Egypt seeking advanced Russian S-300 air defense missiles

The Egyptian government is reportedly seeking to purchase advanced S-300 mobile air-defense missile systems from Russia along with new jets and anti- tanks weapons.

The Jerusalem Post cites a Washington Institute for Near East Policy report entitled "Egypt arms deal with Russia: Potential Strategic Costs" written by David Schenker and Eric Trager.

The report says that this deal comes in spite of the fact that Egypt has upheld a peace deal with Israel that demilitarized the Sinai Peninsula in 1979. The transfer of such weaponry "would degrade Israel's qualitative military edge."

The report added that,
"To be sure, the strategic cooperation and level of trust between Israel and Egypt, particularly on Sinai has never been better. But changing the status quo could undermine the trust and perhaps even the Camp David peace treaty."

In its conclusion the report contends that,
"Despite reassurances from Egyptian officials, the Russian weapons deal -- if concluded -- portends a gradual reduction in Washington's ability to control the quality and quantity of weapons that Cairo receives, and to maintain Israel's qualitative military edge in the region."

Iran and Syria have sought such sophisticated S-300 missile units from Russia in the past.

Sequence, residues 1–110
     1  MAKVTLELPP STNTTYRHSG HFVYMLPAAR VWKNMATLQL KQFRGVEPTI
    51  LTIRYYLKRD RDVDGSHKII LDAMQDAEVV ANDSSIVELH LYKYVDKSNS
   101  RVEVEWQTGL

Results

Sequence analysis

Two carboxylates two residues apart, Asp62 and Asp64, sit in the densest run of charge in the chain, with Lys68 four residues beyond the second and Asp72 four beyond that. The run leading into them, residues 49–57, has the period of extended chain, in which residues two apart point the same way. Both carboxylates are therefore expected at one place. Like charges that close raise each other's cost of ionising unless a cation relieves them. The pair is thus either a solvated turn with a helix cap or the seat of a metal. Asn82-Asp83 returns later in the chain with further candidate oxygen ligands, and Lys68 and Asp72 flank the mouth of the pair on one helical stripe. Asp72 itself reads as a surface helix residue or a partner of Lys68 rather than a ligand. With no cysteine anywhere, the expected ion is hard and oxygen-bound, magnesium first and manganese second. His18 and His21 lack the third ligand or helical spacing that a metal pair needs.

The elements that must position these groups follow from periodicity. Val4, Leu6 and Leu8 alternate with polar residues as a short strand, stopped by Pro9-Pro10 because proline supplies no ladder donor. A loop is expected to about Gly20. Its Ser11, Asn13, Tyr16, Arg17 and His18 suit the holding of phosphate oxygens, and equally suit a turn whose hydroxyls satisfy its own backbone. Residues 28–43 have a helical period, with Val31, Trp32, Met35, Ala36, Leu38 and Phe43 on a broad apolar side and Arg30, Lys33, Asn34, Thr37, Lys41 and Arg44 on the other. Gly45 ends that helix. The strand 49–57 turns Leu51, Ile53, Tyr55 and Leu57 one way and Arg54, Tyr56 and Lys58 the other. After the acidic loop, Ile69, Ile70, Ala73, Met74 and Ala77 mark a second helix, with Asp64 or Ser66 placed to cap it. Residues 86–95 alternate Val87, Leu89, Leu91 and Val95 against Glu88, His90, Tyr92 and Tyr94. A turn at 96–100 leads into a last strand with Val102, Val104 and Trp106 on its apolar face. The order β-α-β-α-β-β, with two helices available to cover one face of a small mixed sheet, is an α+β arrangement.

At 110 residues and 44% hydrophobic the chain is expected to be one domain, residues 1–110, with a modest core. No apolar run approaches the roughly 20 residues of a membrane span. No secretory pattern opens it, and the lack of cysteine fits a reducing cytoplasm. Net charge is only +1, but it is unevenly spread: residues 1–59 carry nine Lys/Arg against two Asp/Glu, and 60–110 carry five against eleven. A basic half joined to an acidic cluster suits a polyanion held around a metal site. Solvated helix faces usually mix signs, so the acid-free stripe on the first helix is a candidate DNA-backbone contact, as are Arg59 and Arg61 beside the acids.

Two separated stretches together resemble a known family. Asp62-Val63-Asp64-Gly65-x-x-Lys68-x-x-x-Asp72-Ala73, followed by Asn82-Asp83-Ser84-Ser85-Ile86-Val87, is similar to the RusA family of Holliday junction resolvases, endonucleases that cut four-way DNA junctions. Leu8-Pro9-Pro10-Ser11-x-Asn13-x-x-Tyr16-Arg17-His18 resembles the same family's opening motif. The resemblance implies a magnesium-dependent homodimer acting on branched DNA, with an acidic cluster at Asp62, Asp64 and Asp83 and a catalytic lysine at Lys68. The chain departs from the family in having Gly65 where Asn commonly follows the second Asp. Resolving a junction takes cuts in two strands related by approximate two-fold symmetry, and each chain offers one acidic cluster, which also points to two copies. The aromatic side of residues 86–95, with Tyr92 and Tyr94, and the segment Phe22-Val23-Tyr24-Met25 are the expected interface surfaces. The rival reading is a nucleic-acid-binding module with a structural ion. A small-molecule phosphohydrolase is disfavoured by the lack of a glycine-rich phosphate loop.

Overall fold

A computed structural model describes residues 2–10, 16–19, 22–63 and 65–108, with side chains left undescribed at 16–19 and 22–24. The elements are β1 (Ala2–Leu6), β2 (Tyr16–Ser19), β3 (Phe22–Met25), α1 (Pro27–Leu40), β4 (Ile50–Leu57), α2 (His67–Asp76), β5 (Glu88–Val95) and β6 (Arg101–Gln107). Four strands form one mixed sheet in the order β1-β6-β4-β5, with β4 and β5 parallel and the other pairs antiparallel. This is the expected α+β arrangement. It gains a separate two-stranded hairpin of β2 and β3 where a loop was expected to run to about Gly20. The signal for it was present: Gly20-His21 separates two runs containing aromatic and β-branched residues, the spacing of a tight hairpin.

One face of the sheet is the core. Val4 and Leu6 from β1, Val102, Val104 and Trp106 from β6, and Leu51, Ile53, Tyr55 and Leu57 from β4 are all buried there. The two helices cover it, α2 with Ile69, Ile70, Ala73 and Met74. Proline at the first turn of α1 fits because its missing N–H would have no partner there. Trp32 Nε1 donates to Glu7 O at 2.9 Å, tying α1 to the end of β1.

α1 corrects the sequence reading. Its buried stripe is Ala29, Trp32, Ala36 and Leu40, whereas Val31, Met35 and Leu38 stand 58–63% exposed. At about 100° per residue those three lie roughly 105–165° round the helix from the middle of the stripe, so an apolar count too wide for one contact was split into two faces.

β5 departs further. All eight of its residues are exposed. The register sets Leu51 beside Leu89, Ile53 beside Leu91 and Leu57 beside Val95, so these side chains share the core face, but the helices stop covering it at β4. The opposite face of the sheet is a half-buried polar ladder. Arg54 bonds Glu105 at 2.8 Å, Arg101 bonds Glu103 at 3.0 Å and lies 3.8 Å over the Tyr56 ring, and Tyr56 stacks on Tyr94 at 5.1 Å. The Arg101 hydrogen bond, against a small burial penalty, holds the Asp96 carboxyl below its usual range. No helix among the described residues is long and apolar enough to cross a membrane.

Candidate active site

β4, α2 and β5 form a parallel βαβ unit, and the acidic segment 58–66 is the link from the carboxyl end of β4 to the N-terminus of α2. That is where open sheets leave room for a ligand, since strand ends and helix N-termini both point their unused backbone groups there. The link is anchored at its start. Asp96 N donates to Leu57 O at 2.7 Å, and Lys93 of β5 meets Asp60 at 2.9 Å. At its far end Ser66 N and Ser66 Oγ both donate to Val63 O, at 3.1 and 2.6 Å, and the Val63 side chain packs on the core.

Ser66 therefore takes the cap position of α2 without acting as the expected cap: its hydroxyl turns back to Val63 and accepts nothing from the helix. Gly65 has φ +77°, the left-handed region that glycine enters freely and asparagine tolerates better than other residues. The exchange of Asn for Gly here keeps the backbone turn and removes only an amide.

As the report quite rightfully points out, this recent $2 billion arms deal which Egypt struck with Russia is financed by Saudi Arabia. The reason Egypt is delving into arms agreements with Russia is the tacit pressure Washington has given the authorities in Cairo following its July 3 2013 coup against the Muslim Brotherhood President Mohammed Morsi.

The U.S has partially frozen weapons and aid transfers as a result of the widespread crackdown on the opposition in Egypt that followed the events of July 3. Given the fact that Saudi Arabia is funding this arms deal between Cairo and Moscow Washington will find it much harder to amend Cairo's behavior through suspending deliveries of military technology.

As Ahram Online recently reported such a deal indeed indicates a shifting on Cairo's part of regional alliances given its distrust of Washington and its motives.

Field Marshal abdel Fattah al-Sisi of Egypt has said that through such an arms deal they are simply seeking "Moscow's help in diversifying the country's sources of military procurement."

Amongst arms being sold by the Russians are Russian-made Mi-17 and Mi-35 helicopters that will likely see action in the Sinai against various Islamist militants they are engaged against in that region.

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